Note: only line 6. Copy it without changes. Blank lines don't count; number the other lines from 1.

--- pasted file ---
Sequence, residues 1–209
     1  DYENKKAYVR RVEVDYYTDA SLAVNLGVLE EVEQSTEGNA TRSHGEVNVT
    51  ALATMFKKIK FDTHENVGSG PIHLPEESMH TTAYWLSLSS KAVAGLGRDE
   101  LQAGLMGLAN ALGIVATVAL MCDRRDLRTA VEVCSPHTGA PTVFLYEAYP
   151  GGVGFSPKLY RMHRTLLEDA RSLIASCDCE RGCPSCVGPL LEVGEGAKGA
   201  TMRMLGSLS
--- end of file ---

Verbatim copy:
   201  TMRMLGSLS